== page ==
More places to explore in the Shuswap

Over the last few weeks, I have been visiting various locations in order to capture more images needed for my book

Over the last few weeks, I have been visiting various locations in order to capture more images needed for my book, Everything Shuswap, which is now in production. Trips to the Larch Hills twice, Mt. Ida and Scotch Creek have reinforced my appreciation for the amazing diversity of ecosystems, the magnificent vistas and the excellent trail networks we have in the Shuswap. For those who live in or near Salmon Arm, the nearby Larch Hills provide a wealth of opportunities.

In early September, my goal was to get a better image of Mara Lake from the Hyde Mountain lookout trail. Following the instructions in the Shuswap Trails guidebook, I pushed and rode my bike up the steep trail from near Sicamous to the top of the Larch Hills and then cycled the logging roads to where the steep uphill trail begins. Upon reaching the top of the cliffs, I was in awe as this is one of the Shuswap’s most spectacular views. Despite the distant haze that befuddles every photographer, I was able to capture the scene, and the resulting image may help with the promotion of the proposed rail-to-trail project. The return ride down the steep trail with its 33 switchbacks tested my abilities, but it was fun!

For the chapter on geology, I needed a photo of the rare Shuswap volcanic rock atop Mt. Ida. It had been years since we were there last and we had always hiked up the trail from the north above the cemetery. We were surprised to find a small parking lot, outhouse and signs at the trailhead that date back to the 1970s, when Shuswap Outdoors installed these as part of what was likely one of the first trail systems for the region.

It was a short hike to the west peak viewpoints where we were thankful to find trees unscathed by the massive 1998 forest fire. The rare hanging bog is still there, but unfortunately there is an ATV track scarring the entrance from another irresponsible rider. The steep and dangerous terrain atop the mountain makes it impossible to reach the last peak to the west, which can be accessed via a route up from Silver Creek. There is a great loop trail back to the parking lot, from which I was able to get an interesting photo of layers of ancient sedimentary rock with the volcanic rock visible in the background.

Many years ago, one of our favourite spots to fish for trout were the pools in Scotch Creek below the waterfall. It was a pleasure to return and re-discover this steep canyon where the rock has been polished smooth from the flowing water. The hike into the falls was just as difficult as I remembered, but after inching my way along the steep moss-covered hillside, clinging to roots and branches, I managed to reach the falls and get the photos needed. There is a well-used forest recreation camping area nearby that is without any infrastructure. Perhaps one day, proper trails could be built here so more people could experience the beauty of this canyon, which also has an interesting history dating back to the 1880s Scotch Creek gold rush era.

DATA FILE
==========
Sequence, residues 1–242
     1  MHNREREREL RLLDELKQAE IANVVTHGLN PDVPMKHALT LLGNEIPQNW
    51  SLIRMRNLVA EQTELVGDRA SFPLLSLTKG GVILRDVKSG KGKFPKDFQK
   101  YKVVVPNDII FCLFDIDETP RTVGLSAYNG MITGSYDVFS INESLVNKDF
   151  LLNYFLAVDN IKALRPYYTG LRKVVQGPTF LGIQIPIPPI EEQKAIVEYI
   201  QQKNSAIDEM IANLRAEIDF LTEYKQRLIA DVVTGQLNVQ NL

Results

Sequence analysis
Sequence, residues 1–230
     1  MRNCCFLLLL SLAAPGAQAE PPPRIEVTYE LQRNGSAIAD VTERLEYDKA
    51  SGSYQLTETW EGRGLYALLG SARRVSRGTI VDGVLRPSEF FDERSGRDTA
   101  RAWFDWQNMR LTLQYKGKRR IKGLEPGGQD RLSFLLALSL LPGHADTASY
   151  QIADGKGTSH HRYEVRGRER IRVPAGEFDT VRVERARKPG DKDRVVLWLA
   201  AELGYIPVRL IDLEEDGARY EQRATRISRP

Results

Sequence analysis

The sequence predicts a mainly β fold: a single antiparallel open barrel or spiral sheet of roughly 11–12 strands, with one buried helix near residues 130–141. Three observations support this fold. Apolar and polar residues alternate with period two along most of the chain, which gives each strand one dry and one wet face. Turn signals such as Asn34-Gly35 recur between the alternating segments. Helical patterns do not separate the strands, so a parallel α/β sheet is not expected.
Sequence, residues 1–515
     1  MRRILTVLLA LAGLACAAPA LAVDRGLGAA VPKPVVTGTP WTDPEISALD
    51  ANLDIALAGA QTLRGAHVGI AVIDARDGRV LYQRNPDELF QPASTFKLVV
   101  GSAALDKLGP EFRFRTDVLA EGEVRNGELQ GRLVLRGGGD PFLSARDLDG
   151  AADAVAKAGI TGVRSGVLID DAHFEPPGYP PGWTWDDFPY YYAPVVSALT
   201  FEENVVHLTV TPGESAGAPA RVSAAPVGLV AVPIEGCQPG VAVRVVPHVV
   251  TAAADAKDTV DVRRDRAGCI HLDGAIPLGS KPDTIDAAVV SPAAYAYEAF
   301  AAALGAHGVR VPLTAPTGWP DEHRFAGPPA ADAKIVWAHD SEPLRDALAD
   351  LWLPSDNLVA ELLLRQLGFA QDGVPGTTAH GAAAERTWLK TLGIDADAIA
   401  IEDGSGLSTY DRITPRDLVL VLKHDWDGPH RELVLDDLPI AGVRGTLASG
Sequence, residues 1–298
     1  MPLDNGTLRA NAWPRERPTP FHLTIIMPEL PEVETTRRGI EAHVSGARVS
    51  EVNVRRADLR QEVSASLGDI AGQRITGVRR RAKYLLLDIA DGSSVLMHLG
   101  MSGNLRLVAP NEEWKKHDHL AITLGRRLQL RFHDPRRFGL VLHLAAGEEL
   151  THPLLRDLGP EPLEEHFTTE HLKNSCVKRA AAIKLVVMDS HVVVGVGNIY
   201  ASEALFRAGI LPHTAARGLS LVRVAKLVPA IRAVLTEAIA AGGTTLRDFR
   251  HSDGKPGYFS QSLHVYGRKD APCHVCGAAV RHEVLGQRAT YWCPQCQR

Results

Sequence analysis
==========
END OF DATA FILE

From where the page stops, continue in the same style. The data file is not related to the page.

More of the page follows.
One might think that photos would be available of the autumn display of golden larch trees in the Larch Hills. But after making a number of attempts to find some good images, I headed up the roads we are more familiar with skiing on in the winter to look for larch. After learning that the best views would be near the Larch Lake loop road, I instead found new large clearcuts and what look to be new skiing trails to explore this winter.

Most of the mature larch has likely been logged, but fortunately in the distance there were plantations filled with golden young larch that gleamed in a brief ray of sunshine. And along the logging road to Rosemund Lake I found both young and mature larch that stood out against a backdrop of cedar and fir. This is one of the reasons the Larch Hills are so special, because one can find just about every species of B.C. tree here, including groves of ancient old-growth forest.

Most of these cedar, hemlock and giant white pines are protected in a 1,196-hectare old-growth management area, which also protects the drinking watershed for Salmon Arm. As I was taking photos, a group of trail runners effortlessly whizzed by in one of the best places to run or hike near Salmon Arm.

You can view photos for this and other Shuswap Passion columns at


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